Fontaines D.C. – ‘A Hero’s Death’


“Sink as far down as you can be pulled up

Happiness really ain't all about luck

Let your demeanour be your deep-down self

And don't sacrifice your life for your health

When you speak, speak sincere

And believe me friend, everyone will hear”



The Irish band received their first Grammy nomination for their second album A Hero’s Death and it was the title track that set the tone of quality when it was released as the first lead single. The vocals are delivered almost like a speech, but with a self-assured confidence and wisdom that commands the listener to pay attention.


The selected lyrics above are from the second verse but in truth all verses made a case to be put in. This one is my personal favourite. By addressing the audience as a “friend” after reeling off these truisms and commands, lead singer Grian Chatten is hinting that he’s only saying these things as we need to hear them – it’s tough love, really. Earnest.


Dream Wife – ‘Validation’


“Validation, why does that mean so much to me?

Validation, why does that mean so much to me?

Validation, it is a human tragedy

We go to art openings

We fit in, ‘cause nobody fits in”



The first paragraph is the chorus & hones in succinctly on the natural desire to be accepted by people for who you really are. Lead singer Rakel Mjöll is asking why she struggles to feel validated before concluding that it’s a negative & she shouldn’t place so much importance on it.


The second part is the following verse & seemingly explains that going to art social events makes her feel less self-conscious as there is an inherent freedom creatively and individually in that setting. She is perhaps hinting that everyone could find a place or hobby where they feel a similar way. Gratifying.


Tame Impala - 'Lost in Yesterday'


"Eventually terrible memories turn into great ones

So if they call you, embrace them

If they hold you, erase them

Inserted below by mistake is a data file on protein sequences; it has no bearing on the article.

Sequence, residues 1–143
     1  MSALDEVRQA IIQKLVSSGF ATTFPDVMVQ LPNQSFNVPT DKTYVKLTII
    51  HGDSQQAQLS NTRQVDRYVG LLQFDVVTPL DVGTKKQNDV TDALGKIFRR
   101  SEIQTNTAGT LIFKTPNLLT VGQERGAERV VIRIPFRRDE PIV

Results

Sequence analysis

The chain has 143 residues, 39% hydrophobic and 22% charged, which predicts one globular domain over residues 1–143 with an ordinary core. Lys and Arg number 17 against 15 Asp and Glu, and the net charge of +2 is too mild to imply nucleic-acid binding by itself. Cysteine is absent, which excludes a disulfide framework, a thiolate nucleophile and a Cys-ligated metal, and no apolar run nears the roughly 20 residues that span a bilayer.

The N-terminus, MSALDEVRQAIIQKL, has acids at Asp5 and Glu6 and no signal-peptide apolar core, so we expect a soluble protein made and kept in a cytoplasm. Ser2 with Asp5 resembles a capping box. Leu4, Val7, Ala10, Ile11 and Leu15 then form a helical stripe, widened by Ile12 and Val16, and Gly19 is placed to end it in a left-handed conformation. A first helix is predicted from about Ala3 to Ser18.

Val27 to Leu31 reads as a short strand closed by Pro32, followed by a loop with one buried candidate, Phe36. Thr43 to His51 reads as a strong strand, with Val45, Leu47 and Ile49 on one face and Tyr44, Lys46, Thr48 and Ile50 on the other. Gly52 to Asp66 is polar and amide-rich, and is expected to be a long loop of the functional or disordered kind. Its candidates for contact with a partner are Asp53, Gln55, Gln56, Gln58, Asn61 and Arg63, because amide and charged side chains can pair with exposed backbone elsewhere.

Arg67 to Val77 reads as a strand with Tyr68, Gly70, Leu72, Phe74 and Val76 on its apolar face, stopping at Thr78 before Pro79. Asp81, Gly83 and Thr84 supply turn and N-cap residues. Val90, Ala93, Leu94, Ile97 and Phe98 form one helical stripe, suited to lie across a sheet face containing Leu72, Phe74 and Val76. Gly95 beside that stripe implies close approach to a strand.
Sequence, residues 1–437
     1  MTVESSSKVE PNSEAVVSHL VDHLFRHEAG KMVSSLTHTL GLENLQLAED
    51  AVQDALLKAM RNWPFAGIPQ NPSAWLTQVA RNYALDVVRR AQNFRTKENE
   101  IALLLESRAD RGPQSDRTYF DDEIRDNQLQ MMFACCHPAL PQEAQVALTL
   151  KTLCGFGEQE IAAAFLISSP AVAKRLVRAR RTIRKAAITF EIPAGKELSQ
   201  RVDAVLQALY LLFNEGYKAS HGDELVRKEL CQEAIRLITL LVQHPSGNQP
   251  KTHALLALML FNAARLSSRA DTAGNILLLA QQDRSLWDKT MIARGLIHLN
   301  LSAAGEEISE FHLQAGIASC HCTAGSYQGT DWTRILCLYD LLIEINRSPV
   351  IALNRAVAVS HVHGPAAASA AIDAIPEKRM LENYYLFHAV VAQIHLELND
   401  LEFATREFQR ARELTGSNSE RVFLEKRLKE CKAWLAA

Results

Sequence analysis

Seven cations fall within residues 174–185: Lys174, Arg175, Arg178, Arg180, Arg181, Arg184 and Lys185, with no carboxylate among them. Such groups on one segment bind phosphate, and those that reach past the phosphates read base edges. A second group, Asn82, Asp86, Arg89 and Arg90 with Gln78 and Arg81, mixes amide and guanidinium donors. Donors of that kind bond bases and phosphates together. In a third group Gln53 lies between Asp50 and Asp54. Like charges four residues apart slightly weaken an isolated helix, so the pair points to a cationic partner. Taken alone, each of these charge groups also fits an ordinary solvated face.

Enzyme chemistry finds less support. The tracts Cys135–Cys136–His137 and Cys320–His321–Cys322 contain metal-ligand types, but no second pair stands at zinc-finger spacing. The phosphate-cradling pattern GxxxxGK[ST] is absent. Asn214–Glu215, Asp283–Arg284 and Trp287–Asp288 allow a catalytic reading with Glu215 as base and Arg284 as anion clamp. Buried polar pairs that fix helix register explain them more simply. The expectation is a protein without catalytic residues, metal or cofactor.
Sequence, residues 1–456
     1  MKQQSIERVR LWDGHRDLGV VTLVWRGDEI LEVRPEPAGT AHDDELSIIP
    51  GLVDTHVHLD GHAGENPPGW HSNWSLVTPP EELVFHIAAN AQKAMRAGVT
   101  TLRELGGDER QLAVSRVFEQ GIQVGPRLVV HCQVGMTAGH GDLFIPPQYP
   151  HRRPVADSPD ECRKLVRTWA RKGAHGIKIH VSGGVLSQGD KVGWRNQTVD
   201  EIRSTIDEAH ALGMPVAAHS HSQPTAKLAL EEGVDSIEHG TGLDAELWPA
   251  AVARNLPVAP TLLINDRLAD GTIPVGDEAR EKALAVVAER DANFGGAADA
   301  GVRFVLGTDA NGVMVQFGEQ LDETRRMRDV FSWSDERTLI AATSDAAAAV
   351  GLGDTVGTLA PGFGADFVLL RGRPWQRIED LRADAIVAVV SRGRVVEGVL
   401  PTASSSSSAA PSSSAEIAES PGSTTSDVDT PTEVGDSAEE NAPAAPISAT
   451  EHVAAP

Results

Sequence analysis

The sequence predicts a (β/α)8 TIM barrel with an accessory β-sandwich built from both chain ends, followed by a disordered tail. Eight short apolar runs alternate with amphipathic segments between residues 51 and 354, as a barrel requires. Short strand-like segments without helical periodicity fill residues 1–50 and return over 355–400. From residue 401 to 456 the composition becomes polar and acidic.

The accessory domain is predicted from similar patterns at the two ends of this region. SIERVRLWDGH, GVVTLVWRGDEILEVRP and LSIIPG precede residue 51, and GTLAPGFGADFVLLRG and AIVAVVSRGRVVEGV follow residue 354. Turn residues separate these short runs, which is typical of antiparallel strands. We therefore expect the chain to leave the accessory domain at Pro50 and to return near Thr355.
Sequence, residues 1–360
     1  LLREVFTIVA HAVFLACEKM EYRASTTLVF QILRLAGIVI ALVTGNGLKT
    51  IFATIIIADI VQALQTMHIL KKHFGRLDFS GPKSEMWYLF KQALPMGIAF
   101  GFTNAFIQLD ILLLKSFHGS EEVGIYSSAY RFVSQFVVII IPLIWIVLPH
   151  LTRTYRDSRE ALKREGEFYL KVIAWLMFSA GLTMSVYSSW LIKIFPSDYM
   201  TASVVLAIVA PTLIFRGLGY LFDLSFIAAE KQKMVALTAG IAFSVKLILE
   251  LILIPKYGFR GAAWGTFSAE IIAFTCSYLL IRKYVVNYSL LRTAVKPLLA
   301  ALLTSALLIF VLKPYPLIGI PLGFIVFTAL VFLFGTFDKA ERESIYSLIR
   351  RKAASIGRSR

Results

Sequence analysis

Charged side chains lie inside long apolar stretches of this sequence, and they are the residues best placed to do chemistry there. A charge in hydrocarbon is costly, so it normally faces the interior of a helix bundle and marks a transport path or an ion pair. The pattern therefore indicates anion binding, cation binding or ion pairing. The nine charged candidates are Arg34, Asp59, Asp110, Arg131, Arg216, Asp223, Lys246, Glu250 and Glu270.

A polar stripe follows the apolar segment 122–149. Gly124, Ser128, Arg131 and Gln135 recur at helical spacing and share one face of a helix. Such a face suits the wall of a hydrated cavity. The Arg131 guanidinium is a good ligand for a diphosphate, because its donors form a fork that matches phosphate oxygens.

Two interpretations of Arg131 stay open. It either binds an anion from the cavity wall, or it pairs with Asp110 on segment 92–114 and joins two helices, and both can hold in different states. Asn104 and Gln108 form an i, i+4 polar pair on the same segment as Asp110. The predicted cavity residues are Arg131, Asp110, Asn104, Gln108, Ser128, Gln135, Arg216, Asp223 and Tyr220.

Cause it might have been something used to say

Does it help to get lost in yesterday?"




I really got on board with Tame Impala's fourth album The Slow Rush earlier this year and the whole concept of time running throughout (I'd be lying if I said I wasn't a sucker for a concept album...). The Spring lockdown brought upon a fresh bout of self-reflection for many people and, what felt like endless hours stuck indoors, it might've been easy to overthink past mistakes and look back with regret. Through 'Lost in Yesterday' Kevin Parker questions what good is done by feeling crippled by bad memories. Instead you should embrace these experiences, they form who you are and help you grow ("eventually terrible memories turn into great ones"). I absolutely love that. The fact that it's a funky wee number with a killer bassline definitely helped push it into being one my most played songs of the year! Inspiring.


Words by Matthew McLister


YUNGBLUD – ‘weird!’


“Come hold my hand

Hold it tight

We’re in a weird time of life

Don’t wreck your brain, it’ll be alright

We’re in a weird time of life.”



This chorus belongs on any playlist that sums up the rollercoaster that 2020 has been. It is the title track of YUNGBLUD’s second album, which we reviewed only a couple of weeks ago. The words speak for themselves here so I won’t ramble on, but it’s one of the most therapeutic songs to sing along to when trying to channel the array of emotions we’ve all felt this calendar year. Comforting.



Cornershop – ‘Morning Ben’


“…‘Morning Ben.’”

“…‘Good Morning.’”




The final one had to be a bit cheeky. This is by all accounts a silly 18-second interlude where the band can be heard “checking in” to the studio. All that can be really heard is sound checking a few piano notes, some whistling and this early verbal greeting exchanged by two of the members.


It’s the ninth track on their album England is a Garden. It’s daft, funny and the above lyrics are literally the only words in this transitional song. Audacious.


If this lyrical reflection has given you the taste for more content, why not check out our official Best of Albums 2020 list.